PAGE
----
3 March 2009
South Africa’s newly launched Housing Development Agency will work with provinces, municipalities and private sector developers to double the country’s housing delivery rate from about 250 000 to over 500 000 units per year, as the country works towards eradicating all informal settlements by 2014.
Speaking at the launch in Pretoria this week, Housing Minister Lindiwe Sisulu said the agency would address the shortage of well-located land where housing projects could be developed.
“The agency is a special-purpose vehicle that will acquire, hold, develop and release land for residential and community purposes to enable the creation of sustainable human settlements,” she said.
“The escalation in the price of building materials is one of the challenges the department is facing in delivering houses, but the issue of access to suitable land was a greater concern,” Sisulu said.
In 2004, the department visited Malaysia to learn about that country’s experiences in delivering houses, and how to implement efficient, well-thought out and resourced mechanisms for meeting delivery targets.
“State-driven agencies are indeed no guarantee either of efficiency or fairer and speedier delivery,” Sisulu said. “However, they have a huge impact in arresting the escalation of prices through not merely regulation, but by also making available an alternative means for access to housing and land.”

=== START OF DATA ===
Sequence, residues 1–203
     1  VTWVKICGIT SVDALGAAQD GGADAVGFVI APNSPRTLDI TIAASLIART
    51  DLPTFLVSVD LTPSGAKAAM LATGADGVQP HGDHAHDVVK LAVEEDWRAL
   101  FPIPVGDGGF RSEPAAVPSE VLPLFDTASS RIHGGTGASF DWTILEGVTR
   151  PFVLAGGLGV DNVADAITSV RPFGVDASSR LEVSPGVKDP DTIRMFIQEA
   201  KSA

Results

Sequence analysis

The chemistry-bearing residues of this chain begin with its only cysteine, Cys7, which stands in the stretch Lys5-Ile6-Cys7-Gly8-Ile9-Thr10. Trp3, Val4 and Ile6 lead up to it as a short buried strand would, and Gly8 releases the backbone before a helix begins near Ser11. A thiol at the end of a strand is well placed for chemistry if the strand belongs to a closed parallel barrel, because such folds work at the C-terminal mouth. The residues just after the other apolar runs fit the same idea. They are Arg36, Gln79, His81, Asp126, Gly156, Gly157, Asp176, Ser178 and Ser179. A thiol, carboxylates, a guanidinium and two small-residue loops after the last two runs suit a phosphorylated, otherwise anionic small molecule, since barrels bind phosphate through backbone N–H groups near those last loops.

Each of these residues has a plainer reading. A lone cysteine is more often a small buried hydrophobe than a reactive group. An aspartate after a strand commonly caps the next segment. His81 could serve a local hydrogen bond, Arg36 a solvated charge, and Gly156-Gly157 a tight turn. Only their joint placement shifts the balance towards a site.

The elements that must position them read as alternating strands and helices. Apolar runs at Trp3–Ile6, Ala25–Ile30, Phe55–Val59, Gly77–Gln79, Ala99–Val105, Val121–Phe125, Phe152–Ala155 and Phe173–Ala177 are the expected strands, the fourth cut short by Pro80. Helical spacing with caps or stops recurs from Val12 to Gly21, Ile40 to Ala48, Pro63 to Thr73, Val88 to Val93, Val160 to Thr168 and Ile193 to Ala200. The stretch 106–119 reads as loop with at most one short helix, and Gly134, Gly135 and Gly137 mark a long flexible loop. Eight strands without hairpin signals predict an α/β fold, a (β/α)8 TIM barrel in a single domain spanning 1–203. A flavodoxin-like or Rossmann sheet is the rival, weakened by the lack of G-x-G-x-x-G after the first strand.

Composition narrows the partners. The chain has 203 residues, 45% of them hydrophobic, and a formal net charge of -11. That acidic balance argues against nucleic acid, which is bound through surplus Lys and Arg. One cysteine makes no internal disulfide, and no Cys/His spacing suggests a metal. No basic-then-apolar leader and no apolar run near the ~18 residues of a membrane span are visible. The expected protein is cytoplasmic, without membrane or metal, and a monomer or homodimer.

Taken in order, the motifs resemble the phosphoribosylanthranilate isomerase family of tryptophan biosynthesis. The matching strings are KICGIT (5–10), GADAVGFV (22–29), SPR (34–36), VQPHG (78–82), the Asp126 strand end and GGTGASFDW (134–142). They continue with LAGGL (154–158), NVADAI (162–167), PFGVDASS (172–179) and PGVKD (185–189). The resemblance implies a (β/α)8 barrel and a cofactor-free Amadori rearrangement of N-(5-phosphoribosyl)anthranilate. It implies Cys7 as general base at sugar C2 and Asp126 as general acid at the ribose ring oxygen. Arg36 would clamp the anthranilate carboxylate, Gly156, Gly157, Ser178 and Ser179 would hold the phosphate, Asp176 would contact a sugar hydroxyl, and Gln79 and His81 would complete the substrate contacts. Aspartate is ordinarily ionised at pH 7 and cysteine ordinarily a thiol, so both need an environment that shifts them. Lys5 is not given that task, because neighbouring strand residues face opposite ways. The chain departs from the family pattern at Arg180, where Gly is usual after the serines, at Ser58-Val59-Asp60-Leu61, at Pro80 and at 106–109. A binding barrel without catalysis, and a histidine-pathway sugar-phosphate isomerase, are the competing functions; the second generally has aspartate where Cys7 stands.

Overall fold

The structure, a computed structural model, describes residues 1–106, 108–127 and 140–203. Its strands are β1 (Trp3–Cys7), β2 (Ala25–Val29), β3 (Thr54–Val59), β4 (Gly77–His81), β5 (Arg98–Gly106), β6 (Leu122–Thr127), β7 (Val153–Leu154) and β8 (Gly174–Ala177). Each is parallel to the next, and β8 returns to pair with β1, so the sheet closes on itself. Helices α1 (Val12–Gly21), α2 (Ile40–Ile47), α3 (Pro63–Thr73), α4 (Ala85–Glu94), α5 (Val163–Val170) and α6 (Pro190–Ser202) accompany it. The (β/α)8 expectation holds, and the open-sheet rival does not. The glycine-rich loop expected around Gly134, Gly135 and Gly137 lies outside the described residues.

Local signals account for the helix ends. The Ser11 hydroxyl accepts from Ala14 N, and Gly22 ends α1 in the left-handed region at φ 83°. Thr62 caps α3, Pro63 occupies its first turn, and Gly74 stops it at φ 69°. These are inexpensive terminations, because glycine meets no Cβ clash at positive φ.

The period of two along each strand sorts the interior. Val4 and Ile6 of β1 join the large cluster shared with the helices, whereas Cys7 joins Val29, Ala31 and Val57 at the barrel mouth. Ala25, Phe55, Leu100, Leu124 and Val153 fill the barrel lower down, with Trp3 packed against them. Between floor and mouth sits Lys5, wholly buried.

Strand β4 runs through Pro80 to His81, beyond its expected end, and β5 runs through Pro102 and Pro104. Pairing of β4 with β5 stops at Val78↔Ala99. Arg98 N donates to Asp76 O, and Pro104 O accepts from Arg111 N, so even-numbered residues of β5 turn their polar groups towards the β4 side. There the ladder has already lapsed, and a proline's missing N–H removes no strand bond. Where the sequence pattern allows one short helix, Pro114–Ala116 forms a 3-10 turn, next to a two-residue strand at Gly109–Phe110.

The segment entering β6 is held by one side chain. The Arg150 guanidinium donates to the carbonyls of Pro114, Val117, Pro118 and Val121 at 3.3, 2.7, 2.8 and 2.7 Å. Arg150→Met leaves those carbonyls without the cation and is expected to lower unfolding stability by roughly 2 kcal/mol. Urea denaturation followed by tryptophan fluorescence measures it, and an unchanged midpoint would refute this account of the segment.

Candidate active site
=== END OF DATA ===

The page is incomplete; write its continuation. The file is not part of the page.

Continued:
Housing director-general Itumeleng Kotsoane said the agency would ensure that the department was able to build integrated communities with different types of housing tenure, from rental and bonded housing to government-subsidised housing in integrated developments close to areas of economic activity.
He said the agency would work with the government, the private sector and other stakeholders not only to facilitate the availability of land but also on major developments, including the massive urban renewal programmes in Johannesburg, Cape Town and Durban.
By the end of the current financial year, at the end of March, South Africa will have built 2.8-million houses since 1994, providing shelter to more than 13.5-million people. Over 1.2-million of the houses were built from 2004 onwards, after the launch of the Breaking New Ground policy.
“Over the past 14 years, [the] government has spent over R100-billion in providing serviced land and a top structure,” Kotsoane said. “This is the biggest economic investment in the residential construction sector, and more than 2.7-million families [now] have houses and land they call their own.”